In an interview with EDGE, the former technology director from Criterion, Paul Ross, had some interesting insights about the future of console gaming. This is a topic he’s spent a lot of time thinking about since leaving Criterion Games (Burnout Paradise, Need for Speed Most Wanted…) in 2014 to co-found Three Fields Entertainment.

He said: “So what does a PS5 game look like? With PS4 we’ve seen some fidelity put into the worlds, but PS5’s going to be about more dynamic worlds, far more interactive worlds that are more believable in the way they behave.”

At the present time, a graphics card that’s capable of running smoothly at 4k resolution is roughly the same price as buying a PS4 and an Xbox One, so GPU prices will have to drop significantly if we’re to see 4K resolution games on the next generation of consoles.

Virtual Reality Could Be A Part Of The Console

Virtual reality could play a role as well, we will have to see how the current breed of VR headsets performs to see if it’s really a game changer or just the next “3D”.

Credit: Sony

Digital Downloads Might Be Emphasized

By the time the next generation of consoles drop, home download speeds will likely be a lot higher with the spread of fiber internet, and we’re expecting to see a much bigger emphasis on digital downloads. It may not be the nail in the coffin for physical media, but it’ll be close.

Expect a lot more big budget free-to-play games as a result of better high-speed internet accessibility and online experiences that have so far been out of reach due to bottlenecks and risk factors such as not enough high-speed internet connections in gaming households.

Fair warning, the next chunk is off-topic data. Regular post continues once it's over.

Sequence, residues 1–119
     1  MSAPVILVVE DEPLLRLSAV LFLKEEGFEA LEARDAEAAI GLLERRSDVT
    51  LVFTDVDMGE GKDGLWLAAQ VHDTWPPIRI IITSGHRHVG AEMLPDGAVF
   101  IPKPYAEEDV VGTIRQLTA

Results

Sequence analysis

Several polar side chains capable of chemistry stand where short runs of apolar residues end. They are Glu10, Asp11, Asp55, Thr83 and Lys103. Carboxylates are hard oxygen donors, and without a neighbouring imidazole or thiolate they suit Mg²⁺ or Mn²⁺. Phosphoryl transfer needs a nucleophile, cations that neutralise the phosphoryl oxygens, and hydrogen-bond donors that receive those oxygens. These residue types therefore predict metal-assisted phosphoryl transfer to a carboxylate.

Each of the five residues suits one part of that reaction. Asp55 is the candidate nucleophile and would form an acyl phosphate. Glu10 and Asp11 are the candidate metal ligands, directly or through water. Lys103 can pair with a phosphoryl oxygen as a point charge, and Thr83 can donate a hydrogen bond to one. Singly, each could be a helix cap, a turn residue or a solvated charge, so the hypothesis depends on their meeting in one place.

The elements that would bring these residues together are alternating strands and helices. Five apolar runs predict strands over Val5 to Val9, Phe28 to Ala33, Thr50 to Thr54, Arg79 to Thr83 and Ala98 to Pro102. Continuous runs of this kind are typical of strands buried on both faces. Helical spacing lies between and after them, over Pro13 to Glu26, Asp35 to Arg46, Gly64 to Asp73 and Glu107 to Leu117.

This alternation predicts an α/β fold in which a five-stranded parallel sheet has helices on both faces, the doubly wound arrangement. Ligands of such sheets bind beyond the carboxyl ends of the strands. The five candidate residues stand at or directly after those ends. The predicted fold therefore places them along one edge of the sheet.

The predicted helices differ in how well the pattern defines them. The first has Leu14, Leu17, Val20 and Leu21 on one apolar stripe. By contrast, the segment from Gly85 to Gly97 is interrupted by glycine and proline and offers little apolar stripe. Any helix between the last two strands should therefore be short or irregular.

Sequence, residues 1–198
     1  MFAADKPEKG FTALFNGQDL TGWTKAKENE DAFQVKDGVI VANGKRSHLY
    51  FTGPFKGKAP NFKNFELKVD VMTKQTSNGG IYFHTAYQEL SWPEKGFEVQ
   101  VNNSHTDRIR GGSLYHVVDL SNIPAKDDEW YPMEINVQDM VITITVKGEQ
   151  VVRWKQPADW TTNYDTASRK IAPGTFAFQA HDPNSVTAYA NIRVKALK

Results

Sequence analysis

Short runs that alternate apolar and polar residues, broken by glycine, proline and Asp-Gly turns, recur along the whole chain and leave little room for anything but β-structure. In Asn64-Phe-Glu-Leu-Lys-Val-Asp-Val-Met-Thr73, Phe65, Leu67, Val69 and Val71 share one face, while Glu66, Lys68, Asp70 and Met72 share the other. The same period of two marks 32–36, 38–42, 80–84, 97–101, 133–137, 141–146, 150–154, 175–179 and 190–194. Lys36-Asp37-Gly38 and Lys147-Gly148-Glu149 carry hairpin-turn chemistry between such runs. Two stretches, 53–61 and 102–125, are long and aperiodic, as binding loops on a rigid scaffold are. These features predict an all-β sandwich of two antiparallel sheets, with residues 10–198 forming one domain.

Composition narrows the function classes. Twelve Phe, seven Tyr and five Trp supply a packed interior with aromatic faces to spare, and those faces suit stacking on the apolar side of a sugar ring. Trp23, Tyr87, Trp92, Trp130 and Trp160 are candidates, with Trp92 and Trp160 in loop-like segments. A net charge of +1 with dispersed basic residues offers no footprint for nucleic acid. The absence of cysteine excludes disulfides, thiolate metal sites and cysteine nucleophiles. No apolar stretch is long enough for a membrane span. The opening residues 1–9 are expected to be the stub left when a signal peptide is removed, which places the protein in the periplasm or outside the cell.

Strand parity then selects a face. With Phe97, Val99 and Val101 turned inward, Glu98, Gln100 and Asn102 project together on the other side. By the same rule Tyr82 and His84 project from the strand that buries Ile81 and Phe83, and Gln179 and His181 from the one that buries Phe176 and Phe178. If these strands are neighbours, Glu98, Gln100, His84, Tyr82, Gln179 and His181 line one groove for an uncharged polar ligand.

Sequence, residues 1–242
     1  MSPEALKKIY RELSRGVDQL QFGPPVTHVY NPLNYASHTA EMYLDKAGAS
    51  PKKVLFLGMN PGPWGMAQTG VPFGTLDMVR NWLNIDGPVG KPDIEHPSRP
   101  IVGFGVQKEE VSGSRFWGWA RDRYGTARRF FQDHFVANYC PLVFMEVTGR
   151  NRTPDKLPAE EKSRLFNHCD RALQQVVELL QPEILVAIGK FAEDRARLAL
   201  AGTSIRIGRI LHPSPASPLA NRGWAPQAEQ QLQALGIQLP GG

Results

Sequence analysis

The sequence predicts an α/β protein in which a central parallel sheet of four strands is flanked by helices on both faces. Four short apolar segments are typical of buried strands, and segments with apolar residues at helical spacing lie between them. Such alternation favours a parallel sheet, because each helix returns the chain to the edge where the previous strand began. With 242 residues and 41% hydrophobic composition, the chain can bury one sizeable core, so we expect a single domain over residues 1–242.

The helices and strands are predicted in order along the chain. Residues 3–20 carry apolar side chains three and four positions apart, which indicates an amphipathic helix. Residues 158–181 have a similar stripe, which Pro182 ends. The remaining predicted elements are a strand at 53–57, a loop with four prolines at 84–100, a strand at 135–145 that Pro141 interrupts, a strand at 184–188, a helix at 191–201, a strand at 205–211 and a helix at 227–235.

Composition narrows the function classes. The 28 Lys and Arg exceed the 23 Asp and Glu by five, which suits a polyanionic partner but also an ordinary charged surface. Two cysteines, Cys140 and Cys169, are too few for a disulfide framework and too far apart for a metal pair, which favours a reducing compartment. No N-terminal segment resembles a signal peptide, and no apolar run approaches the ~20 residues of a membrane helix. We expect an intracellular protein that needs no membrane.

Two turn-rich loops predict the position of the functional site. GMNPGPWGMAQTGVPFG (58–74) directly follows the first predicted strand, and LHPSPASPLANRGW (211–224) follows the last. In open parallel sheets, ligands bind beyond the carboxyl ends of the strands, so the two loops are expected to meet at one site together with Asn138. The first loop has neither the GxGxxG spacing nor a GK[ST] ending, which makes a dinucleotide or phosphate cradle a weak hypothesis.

Data Storage Should Increase

Data storage technology will definitely become more advanced by the time both these consoles release and expect storage capacities that will dwarf the ones right now.

Expect much better cloud storage features as well as a much larger physical storage drive although perhaps at the fraction of the size of the current disk drives used in consoles.

Credit: Sony

The DualShocks Sound Like They’re Getting A Reboot

According to another Sony patent, which you can check out in full here, the company hopes to create a controller with “a touchscreen defined along the top surface of the main body,” which sounds like pretty interesting stuff.

The images included in the patent look pretty much identical to the PS4 controller in its current form, and it looks as though a new touchscreen could be replacing the touch-pad on the current version.

It’s important to note that these recently-release patent documents were first filed over a year ago, back in 2017.

Our Most Anticipated Games Could Be Launching On PS5

Right now Sony is set to release some of the most exciting-looking games of all time, including Hideo Kojima’s Death Stranding and the highly-anticipated sequel to The Last Of Us.

With no release dates for either title, people are speculating that they could end up being launch titles for the PS5.

Both games are expected to launch from anywhere between one and three years’ time – exactly the timeframe we’re expecting the PS5 in.

What would you like to see in the PlayStation 5?